Westworld recap: Why Two Timelines Matters
Westworld Season 1, Ep 8 | Aired Nov 20
With the creative mights of some of the best known twist makers in Hollywood behind it, Westworld has immediately become a show that fans pour over in search of hints, easter eggs, and spoilers. With that in mind, we forgo our usual recap in favor of a consideration of the biggest twists each episode has to offer.
Eight episodes into the first season of Westworld, it seems like fans have been pouring over the possibility of the two
timeline time period theory for months. And maybe they have been. It's hard to remember when the theory first reared it's head in our collective consciousness. But, whenever it was, it's dominated our viewing of the show ever since. And this week, Westworld dropped one of the biggest hints about the truth of the theory, leaving us to wonder what the implications of the theory will be if it pans out in the next two weeks.
"They're not looking for a story that tells them who they are. They already know who they are. They're here because they want a glimpse of who they could be"
For those not deeply entrenched in the possibilities of the Westworld fandom, two timeline (we're not changing it every time, complain in the comments if you must) theory goes something like this: The show does not all take place at the same time. We are being presented with multiple different periods in Westworld's history. One that takes place during early on in the park's history, immediately following Bernard's death and another taking place approximately 30 years later. The connective tissue between these two stories? The theory that Jimmi Simpson's character William is a younger version of Ed Harris' character The Man in Black. The show then becomes the story of our most morally upstanding character becoming the most morally complex one.
But is there anything more interesting at play here? What are the actual stakes of William becoming The Man in Black? What makes this anything different than Matthew McConaughey hiding in his daughter's bookshelf or the Dharma Initiative bringing a polar bear with them to the island?
The most obvious link between the two characters seems to also be the theory's biggest weakness. William and the Man in Black both appear to be in love with Dolores. But where William is affectionate, MiB is scornful. Where William is couscous, MiB is brazen. The two share an obsession, but their approaches to it are entirely different. And this may seem like a major weakness to the theory, but perhaps it is just the reason that telling the story is so interesting. To find out how a sympathetic and preconscious Westworld rookie becomes a cold and disconnected park expert.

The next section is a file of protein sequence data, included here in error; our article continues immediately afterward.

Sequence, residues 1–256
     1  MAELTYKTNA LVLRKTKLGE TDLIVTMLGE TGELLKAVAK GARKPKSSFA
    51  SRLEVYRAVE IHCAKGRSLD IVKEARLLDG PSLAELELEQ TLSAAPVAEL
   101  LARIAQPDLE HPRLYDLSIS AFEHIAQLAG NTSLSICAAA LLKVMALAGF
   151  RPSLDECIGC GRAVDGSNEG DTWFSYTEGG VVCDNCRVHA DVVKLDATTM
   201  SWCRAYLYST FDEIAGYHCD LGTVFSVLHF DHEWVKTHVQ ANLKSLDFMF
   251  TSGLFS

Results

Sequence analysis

We got our biggest hint about how this transformation could take place this week, starting with the Man in Black recognizing one of the park's hosts. The woman he finds in the desert on her own- and immediately recognizes- is the same host who we saw introduce William to the park. MiB remarks that he thought that host had been retired years ago and that he supposes Ford doesn't want to waste a pretty face.
This host, like every other host we've met on the show, seems to be deeply imbedded in her own plot. And while we don't have a great sense of how long William has been in the park, it doesn't seem like it's been long enough for this host to transition to this new role. And it seems even less likely that MiB would think she had been decommissioned if he only just entered the park recently as well.
But if the Man in Black and William are the same character, it could also speak to the relationship between William and Ford, and the nature of the park. In Episode 2 of the show, as we are shown William meeting Dolores for the first time, Ford tells Sizemore that the park doesn't tell people who they are. That when people show up to the park "They're not looking for a story that tells them who they are. They already know who they are. They're here because they want a glimpse of who they could be".
The very nature of the park could be defined by who is right, Ford or William/MiB. If Ford is right, MiB has always been cruel and unforgiving, even when he was young and hiding it. If he's wrong though, the park could change people. And we could be watching William going through that change that Ford says cannot happen within the park. Considering that the original Westworld film was about things happening in the park that the people in charge thought could never happen, we won't be surprised if we find out the park changes people.
The final issue with the theory though is the fact that so many people seem to have seen it coming. J.J. Abrahams and entire Nolan clan are notorious for hitting you with twists that you never saw coming. And, considering there have been rumblings about this for weeks, it seems that they might have fallen flat this time around. But again, we can look back at Ford's speech from Episode 2. Ford tells Sizemore that "The guests don't come back for the garish things. They come back for the subtitles. They come back because they discover something they think no one has ever noticed before. Something they fall in love with". Perhaps the MiB/William connection is the subtle thing that we all thought was subtle. The thing we could fall in love with because we were sure we were the only ones who noticed it.Whether that is the case or not, we have certainly fallen in love with this show, and are ecstatic to see how these plots finish out this season.
Westworld airs on Sunday nights at 9:00 on HBO